To be honest, this realization made me extremely grateful for where I am at today. We learn so much about ourselves by the way that we react in situations, and the fact that I was calm outwardly and inwardly about the situation demonstrated to me that I’ve really learned to let things go. I’m handling my anxiety and not letting it take over my life.

The results of spilling tea on my computer

At first I was going to turn my computer on after just waiting 48 hours, but then I was nervous that it might be too soon. So I ended up waiting a full 3.5 days before turning the computer on.

It was such a relief to see that my computer didn’t appear to have suffered, and that I didn’t lose any of my work! I quickly did a big back-up of everything, of course, but it seems as though my computer is going to pull through even after getting tea spilled all over it.

How many times do we need to make a mistake before we really learn our lesson?

I was thinking about the above question a lot during the day that I had spilled my tea. It happened almost first thing in the morning, so I had plenty of time to think about it.

Here’s the thing: when my computer died a couple years ago, I was devastated. I had lost so much. After that, I began backing up on Dropbox, a flash-drive, and also a massive household external hard-drive. I made sure to back-up once every week or once every couple of weeks.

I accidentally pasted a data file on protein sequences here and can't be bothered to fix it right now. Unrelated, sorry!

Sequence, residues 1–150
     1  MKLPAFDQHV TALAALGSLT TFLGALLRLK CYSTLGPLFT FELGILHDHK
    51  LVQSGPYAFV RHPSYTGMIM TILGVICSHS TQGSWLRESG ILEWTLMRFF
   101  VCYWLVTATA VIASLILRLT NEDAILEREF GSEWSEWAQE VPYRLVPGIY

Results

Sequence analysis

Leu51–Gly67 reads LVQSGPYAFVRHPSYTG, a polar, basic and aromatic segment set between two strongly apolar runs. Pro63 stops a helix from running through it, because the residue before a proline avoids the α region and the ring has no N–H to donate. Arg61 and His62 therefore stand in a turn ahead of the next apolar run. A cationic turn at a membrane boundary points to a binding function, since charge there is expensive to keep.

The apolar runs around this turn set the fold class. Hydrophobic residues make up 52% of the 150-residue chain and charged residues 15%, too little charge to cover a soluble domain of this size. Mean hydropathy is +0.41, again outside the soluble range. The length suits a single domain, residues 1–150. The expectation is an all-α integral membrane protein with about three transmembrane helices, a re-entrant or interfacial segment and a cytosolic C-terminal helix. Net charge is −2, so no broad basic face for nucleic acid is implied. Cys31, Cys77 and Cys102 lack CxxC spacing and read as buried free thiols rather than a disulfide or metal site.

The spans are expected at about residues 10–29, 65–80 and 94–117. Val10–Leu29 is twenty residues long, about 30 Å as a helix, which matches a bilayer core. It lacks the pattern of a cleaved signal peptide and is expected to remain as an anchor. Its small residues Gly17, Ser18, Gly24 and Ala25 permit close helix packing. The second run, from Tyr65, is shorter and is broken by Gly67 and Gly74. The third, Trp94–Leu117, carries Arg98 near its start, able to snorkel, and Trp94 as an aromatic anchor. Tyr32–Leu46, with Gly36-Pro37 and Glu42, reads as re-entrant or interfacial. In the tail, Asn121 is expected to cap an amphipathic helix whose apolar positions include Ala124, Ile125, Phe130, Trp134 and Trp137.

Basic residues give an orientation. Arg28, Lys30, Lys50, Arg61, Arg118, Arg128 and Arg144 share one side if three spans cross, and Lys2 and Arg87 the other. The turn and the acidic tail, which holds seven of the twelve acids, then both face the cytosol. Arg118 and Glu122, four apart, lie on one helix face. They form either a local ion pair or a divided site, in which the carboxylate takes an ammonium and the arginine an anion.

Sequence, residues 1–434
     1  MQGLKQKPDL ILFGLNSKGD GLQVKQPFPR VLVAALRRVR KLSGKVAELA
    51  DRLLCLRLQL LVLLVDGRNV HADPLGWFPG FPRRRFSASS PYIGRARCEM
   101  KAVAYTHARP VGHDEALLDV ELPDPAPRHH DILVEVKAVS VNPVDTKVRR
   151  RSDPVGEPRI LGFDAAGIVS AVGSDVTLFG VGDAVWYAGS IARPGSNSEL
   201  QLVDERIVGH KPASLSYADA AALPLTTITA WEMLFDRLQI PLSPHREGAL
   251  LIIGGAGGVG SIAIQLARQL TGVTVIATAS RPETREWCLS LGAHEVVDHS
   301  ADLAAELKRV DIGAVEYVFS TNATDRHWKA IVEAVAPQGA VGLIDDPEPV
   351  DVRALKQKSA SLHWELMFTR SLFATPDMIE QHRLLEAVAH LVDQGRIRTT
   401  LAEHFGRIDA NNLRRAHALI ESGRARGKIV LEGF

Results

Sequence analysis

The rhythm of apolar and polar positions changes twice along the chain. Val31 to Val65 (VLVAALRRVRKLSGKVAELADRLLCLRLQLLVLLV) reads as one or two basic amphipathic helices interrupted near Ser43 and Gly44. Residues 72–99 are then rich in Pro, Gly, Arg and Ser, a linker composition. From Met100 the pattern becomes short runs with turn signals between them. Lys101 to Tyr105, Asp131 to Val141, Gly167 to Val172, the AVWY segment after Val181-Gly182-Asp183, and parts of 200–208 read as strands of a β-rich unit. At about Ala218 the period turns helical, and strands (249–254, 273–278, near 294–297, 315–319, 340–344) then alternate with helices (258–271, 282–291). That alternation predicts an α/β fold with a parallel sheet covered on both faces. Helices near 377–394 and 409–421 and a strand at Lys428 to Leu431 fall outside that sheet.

What I obviously failed to do was to back my work up every single day. I feel like I learned part of my lesson a couple years ago, but I certainly didn’t learn it well enough. I now have a little sticky note on my desk to remind me to do a back-up at the end of every day. It’s not such a big deal if I lose some things within a two-week span, because I tend to do a lot of work on the Internet or else I’ll send documents very quickly to my clients. But if I had been working on a document and hadn’t gotten around to backing things up for a week or if I hadn’t yet sent the document to my client, that would be awful!

My takeaway from this whole experience is that it’s not enough to know that we made a mistake. Instead, we have to take a step back from the situation, and ask ourselves a few questions:

  • What is the real issue here? My issue was not that I spilled the tea. My issue was that I hadn’t backed things up for two whole weeks (and maybe that I shouldn’t have a beverage so close to my computer!).